If I were a character in a Roald Dahl book - and I am pretty certain I'm not - then apparently I would be The Rotsome Bean. I am not at all sure whether to take this as a compliment or not.
Could it be a reflection on my somewhat mixed success on the Growing of Vegetables Front? Though, surely not, as Mr B and I only this week harvested a small crop of green beans from our vegetable trough (in which, regular readers will recall, we are
"giving vegetables a home." We ate them, too, in the company of lamb stew and Jersey Royal potatoes and Mr B ate them all, without demur. Whatever else they might have been, those beans most definitely weren't "Rotsome."
Yesterday was the first day of the 2016 Summer Reading Challenge - this year's theme is The Big Friendly Read in honour of the fact that author Roald Dahl was born a hundred years as this year. So, along with signing up dozens of 4 - 12 year olds to
the challenge of reading six books over the course of the summer holiday - an amazing 79 had registered by the time I finished my stint on the Big Friendly Read Desk - I was encouraging them to try out all manner of activities in the Children's Library.
These included the traditional SRC Treasure Hunt; an invitation to draw your own dream inside a glass jar; and an opportunity to design your own chocolate bar á la Willy Wonka. Oh, yes, and to discover your own
Roald Dahl name by taking the initial letter of your first name and the initial letter of your second name and consulting two long lists of crazy names. Hence, The Rotsome Bean.
We volunteers are well pleased
with the tablecloth which covers our desk this year - it's a proper vynil job, decorated with characters from Roald Dahl books and, even more importantly, it stays put on the table. Last year we had a flimsy dark blue cloth, covered in silver stars, which,
while beautiful, was so slippery that we spent rather too much of our time straightening it up when it threatened to slide onto the floor, taking with it the boxes of registration cards and the box of completed competition entries. These little things matter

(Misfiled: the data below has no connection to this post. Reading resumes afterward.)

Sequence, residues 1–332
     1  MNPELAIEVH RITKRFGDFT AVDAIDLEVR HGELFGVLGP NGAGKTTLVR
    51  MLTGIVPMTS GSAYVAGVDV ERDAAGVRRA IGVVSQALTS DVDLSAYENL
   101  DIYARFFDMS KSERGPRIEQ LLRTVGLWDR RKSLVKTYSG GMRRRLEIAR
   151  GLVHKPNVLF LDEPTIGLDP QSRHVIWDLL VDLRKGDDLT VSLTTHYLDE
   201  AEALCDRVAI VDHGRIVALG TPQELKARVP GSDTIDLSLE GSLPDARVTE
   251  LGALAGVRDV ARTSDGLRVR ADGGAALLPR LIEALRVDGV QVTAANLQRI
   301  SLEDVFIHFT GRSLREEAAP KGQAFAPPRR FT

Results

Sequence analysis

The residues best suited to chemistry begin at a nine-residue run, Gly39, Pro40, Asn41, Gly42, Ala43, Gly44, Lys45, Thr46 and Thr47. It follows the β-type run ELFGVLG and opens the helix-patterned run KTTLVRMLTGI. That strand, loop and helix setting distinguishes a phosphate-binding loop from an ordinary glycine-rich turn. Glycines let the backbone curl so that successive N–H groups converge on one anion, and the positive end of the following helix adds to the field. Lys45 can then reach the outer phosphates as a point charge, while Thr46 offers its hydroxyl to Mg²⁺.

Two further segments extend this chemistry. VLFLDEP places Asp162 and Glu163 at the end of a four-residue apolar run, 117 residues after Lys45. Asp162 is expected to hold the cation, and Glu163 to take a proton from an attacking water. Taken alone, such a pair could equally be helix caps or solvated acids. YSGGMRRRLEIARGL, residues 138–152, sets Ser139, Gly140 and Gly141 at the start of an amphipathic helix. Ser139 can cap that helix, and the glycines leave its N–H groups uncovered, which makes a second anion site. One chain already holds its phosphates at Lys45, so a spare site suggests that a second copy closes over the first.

to a volunteer, you know, as does the fact that Friendly Frances, the Children's Librarian, has stashed a jar of coffee, just for me, among the bottles of squash ready and waiting for the other (younger) volunteers when they / we need to take a break.
On our desk we have two laminated crib sheets, one for the Main Challenge, one for the Mini Challenge for littl'uns under the age of four. Each sheet reminds us exactly what we need to do on each visit. On this first
visit, we have to get registration cards filled out and explain what the challenge is all about, though most of the children queuing at our desk have heard all about it at a school assembly. Library staff have clearly done an excellent job promoting the scheme
in schools over the weeks leading up to Launch Day.
We also have wrist bands to give out to every child signing up - except that Health and Safety decrees that we can't give wrist bands to the tinies on the
Mini Challenge which causes a few mini upsets. Fortunately this year we have record cards to give out to the Mini Challengers which takes the heat out of the situation - though I am not looking forward to explaining why the under 4's won't be able to have
a medal when they complete the challenge but must content themselves with a cardboard mobile.
Lots of the children are familiar faces from previous years so it's a bit like welcoming old friends, just a little
bit older, a little more confident. Lots of them have read Roald Dahl books and are keen to tell me their favourites. Most of them have remembered that the reason we are celebrating the author of the Big Friendly Giant, Charlie and the Chocolate Factory et
al is because he was born 100 years ago this year. I tell them that there will be special celebrations in Cardiff, where my (Not So Very Little) Welsh Boys live, because that's where the famous author was born.
want to know if he is still alive. I explain that he died in 1990, long before any of them were born - then remind them that Dahl's crazy characters - The Twits, Willy Wonka, Matilda and Co - are all very much alive and kicking, entertaining new generations
of young readers. They all nod solemnly, then beam at me.
I arrive home to find that Mr B, having put two eggs to boil on the stove, forgot them until they exploded - one while still in the pan, the other
in the sink when he tried to douse it in cold water. There is egg everywhere, on the ceiling, the floor, the windows. Clearing it up is Quite A Challenge, though not of the Summer Reading kind.
would doubtless write a book about it, entitled "The Rotsome Bean and the Exploding Eggs." If you will forgive me, I reckon it would appeal to his eggsquisite taste and go down eggstremely well with his more discerning readers...